Saturday, May 17, 2014

Interesting things, mid-May edition

The mini heat wave is over, for now...

  • Google I/O: June 25–26, 2014
    Explore the themes of design, develop and distribute during Google’s annual technology conference, as we share new product ideas and interactive experiences.
  • A Riddle Wrapped In a Mystery Inside an Enigma
    Yeah, Godwin's law, whatever, whatever. My point is NOT that the NSA is the same as the Nazi party (in fact, my argument has the NSA on the opposite side). My point is that the government now treats ordinary civilians as worthy of the same sort of tactics that they once used against the Nazis.
  • Vernam, Mauborgne, and Friedman: The One-Time Pad and the Index of Coincidence
    It is most likely that Vernam came up with the need for non-repetition; Mauborgne, though, apparently contributed materially to the invention of the two-tape variant. Furthermore, there is reason to suspect that he suggested the need for randomness to Vernam. However, neither Mauborgne, Herbert Yardley, nor anyone at AT&T really understood the security advantages of the true one-time tape. Col. Parker Hitt may have; William Friedman definitely did.
  • Quite a good list, actually: 10 Articles Every Programmer Must Read
    Since most of these post are actually driven by practical knowledge, beginner and intermediate programmers can take a lot from it.
  • I guess I need to learn the difference between "Market on Close", and "Market" orders: Stock Markets Had a Rough Second Yesterday
    All of the weird trades occurred at about the same time, just over 10 minutes before the close, and that explanation makes sense. There you are at 3:49 p.m., entering your market-on-close order to buy and sell a bunch of shares in the closing auction. You enter the number of shares you want, you go to the drop-down box on your computer system, you pick "Market on Close," your mouse slips, you actually click on "Market," and whoosh, off your order goes to be filled in the market.
  • Definition of Market on Close Order
    A "market on close" order is a market order that is to be executed as close to the closing price as humanly possible.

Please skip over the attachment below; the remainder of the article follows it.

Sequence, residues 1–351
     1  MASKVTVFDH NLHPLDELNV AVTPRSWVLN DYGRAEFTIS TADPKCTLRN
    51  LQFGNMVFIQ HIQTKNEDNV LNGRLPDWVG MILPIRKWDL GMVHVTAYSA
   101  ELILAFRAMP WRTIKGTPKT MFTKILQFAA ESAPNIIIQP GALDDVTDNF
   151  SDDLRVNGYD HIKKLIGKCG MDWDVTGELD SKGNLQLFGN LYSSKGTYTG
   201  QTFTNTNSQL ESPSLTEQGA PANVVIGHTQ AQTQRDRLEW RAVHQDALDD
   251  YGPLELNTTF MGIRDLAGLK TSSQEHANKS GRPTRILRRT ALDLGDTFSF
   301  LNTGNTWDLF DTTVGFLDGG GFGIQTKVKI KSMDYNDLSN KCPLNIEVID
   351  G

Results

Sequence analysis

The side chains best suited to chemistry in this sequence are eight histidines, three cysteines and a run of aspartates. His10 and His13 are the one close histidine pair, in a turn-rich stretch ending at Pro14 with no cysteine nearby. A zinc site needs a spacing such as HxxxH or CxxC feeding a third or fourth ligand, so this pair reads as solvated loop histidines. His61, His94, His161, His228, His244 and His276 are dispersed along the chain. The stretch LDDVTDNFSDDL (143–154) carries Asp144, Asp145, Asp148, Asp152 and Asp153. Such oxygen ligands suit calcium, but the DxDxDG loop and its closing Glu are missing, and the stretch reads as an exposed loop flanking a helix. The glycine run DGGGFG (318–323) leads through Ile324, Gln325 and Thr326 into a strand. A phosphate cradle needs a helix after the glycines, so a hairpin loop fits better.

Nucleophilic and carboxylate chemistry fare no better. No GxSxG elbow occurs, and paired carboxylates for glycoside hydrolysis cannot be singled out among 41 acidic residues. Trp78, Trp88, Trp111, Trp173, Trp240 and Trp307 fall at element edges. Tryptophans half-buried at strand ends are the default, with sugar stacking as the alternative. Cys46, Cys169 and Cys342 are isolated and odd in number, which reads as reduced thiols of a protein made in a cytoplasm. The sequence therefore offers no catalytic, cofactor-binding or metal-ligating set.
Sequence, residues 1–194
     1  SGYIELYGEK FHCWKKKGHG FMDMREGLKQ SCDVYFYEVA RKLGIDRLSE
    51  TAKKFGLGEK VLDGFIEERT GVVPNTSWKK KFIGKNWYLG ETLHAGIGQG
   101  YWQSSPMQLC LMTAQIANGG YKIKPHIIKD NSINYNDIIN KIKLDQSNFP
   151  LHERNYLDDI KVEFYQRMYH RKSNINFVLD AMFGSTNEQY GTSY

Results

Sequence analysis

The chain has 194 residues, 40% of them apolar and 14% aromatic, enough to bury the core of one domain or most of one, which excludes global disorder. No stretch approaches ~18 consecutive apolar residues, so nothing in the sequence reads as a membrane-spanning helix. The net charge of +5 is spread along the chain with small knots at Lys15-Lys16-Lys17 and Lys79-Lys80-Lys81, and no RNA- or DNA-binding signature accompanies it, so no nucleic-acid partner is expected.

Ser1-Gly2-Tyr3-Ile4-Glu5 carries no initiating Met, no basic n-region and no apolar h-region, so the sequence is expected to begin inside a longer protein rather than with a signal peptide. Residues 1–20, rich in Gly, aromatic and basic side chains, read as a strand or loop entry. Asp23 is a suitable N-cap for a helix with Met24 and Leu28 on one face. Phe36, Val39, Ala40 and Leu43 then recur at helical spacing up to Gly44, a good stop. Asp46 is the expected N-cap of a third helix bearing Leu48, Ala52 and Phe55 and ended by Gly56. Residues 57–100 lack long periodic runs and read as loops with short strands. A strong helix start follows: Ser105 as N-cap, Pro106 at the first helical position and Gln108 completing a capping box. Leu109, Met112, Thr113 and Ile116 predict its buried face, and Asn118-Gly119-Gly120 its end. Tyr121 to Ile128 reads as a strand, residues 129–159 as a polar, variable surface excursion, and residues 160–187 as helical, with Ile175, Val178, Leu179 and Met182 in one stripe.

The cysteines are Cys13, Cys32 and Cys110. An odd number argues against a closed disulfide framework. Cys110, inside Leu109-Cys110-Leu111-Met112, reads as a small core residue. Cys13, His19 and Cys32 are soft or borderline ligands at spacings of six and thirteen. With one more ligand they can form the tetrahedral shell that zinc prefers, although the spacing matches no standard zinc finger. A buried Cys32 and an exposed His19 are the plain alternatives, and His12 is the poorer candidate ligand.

• Trading FAQs: Order Types
    On the close

    A time-in-force limitation that can be placed on the execution of an order. This limitation requires that the order is executed as close as possible to the closing price for a security. All or any part of the order that cannot be executed at the closing price is canceled.

  • Scaling Feature Flags With Zookeeper
    For those not in the know, feature flags are a way of adding a conditional to your code that lets a configurable number of users or requests through, originally designed for restricting new features to internal users before rolling them out to the rest of the userbase.
  • rollout: Feature flippers.
    You might want to let a specific user into a beta test or something. If that user isn't part of an existing group, you can let them in specifically.
  • Guide to Cassandra Thread Pools
    Each like task is grouped into a stage having a queue and thread pool (ScheduledThreadPoolExecutor more specifically for the Java folks). Some stages skip the messaging service and queue tasks immediately on a different stage if it exists on the same node. Each of these queues can be backed up if execution at a stage is being over run.
  • Symas Lightning Memory-Mapped Database (LMDB)
    LMDB is an ultra-fast, ultra-compact key-value embedded data store developed by Symas for the OpenLDAP Project. It uses memory-mapped files, so it has the read performance of a pure in-memory database while still offering the persistence of standard disk-based databases, and is only limited to the size of the virtual address space, (it is not limited to the size of physical RAM).

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